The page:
Blog & News
Since 2005, Georgia STAND-UP has been a tireless advocate for community benefit agreements in the Atlanta region. Thanks to that persistence, one of the most closely watched public finance deals in Georgia history will produce both a new Falcons football stadium to replace the Georgia Dome, and a precedent-setting requirement that no public money be released until a community benefits agreement is in place.
Immigrant Workers Took Action Following Report of Abuse of the E-Verify SystemEast Bay Alliance for a Sustainable... | March 19, 2013
Hundreds of Waste Management workers belonging to the ILWU struck three facilities Friday morning, March 15, shutting down the company’s East Bay operation for five hours. The action was made possible by the support from hundreds of Teamster members who honored picket lines and refused to drive the company’s trucks that collect refuse and recycling early each morning from residential and industrial customers.
It has been called “the crime wave no one talks about.” FRESC: Good Jobs, Strong Communities is changing that—getting Coloradoans talking about, and doing something about, the wage theft crime wave.
Emails between the Foundation for Excellence in Education (FEE), founded and chaired by former Florida Gov. Jeb Bush, and state education officials show that the foundation is writing state education laws and regulations in ways that could benefit its corporate funders.
After more than a year of advocacy by the Center on Policy Initiatives (CPI) and community allies, San Diego has a new ordinance requiring banks to register all foreclosures and be held accountable if they neglect the properties. On Tuesday, Dec. 18, new Mayor Bob Filner made the Property Value Protection Ordinance the first ordinance he signed into law.
The Partnership’s community benefits model is taking hold in new cities. The Workers Defense Project and the local branch of the Laborers International Union of North America (LiUNA), both Partnership allies, have been working hard to ensure that working people in Travis County, Texas are afforded the compensation and respect that they deserve.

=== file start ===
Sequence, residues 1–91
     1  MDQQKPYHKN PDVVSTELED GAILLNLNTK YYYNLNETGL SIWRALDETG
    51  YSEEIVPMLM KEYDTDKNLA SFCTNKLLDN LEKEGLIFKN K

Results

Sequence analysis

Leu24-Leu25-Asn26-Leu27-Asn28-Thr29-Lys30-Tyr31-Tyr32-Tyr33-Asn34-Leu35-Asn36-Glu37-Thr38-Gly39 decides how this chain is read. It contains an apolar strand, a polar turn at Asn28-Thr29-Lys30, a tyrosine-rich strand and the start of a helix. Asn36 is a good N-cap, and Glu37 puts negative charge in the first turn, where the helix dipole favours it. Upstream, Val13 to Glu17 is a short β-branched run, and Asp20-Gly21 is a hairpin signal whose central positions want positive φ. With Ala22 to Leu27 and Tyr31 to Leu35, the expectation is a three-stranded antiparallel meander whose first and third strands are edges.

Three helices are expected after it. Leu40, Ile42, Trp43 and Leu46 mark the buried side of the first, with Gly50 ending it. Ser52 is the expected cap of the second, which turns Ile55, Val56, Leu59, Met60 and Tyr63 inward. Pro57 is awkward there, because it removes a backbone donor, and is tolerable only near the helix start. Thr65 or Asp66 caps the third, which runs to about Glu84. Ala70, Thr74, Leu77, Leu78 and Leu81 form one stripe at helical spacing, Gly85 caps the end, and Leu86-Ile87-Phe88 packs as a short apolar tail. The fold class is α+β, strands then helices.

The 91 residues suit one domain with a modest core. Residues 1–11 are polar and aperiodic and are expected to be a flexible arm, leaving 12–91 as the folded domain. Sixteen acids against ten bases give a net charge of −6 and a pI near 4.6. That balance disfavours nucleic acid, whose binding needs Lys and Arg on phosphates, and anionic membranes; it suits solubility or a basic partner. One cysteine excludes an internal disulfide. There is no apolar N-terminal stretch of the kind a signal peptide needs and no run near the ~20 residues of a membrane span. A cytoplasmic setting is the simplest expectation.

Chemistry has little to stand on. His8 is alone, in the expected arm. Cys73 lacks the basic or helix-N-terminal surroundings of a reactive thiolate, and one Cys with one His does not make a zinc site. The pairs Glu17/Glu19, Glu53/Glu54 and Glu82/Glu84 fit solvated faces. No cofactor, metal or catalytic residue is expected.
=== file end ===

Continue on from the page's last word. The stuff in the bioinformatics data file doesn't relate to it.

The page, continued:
With a new mayor taking office December 3, Center on Policy Initiatives (CPI) helped set the tone for shifting San Diego's traditionally developer-centered policy agenda to a focus on fighting working poverty. On December 4, we started a two-week campaign to get 500 San Diegans to send letters to the new mayor urging him to "Make Poverty a Priority."
The Partnership is bringing light to the waste and recycling industry’s potential to be a powerful channel for good jobs and green development. At the annual Economic Analysis and Research Network (EARN) conference the week of December 10, we organized a workshop to share strategies our network has developed to transform the industry in a way that builds strong local economies.
In November, the City of Los Angeles took a transformative step toward a pro-community, pro-worker, and pro-environment system for managing its trash by adopting Don’t Waste LA’s proposal for an exclusive franchise agreement for commercial and multi-family waste. City Council’s bold action will advance the City’s march toward zero waste, stop rate-gouging for small businesses, help communities of color impacted by waste facilities, and create new hope for the workers who handle our trash.
On Black Friday, shoppers looking for holiday bargains weren’t the only ones at Walmart. Walmart workers and supporters rallied in 1,000 protests across 46 states. The actions had two goals: educating shoppers about the abysmal working conditions in Wal-Mart stores and suppliers; and showing strong solidarity to prevent Walmart bosses from retaliating against participating workers.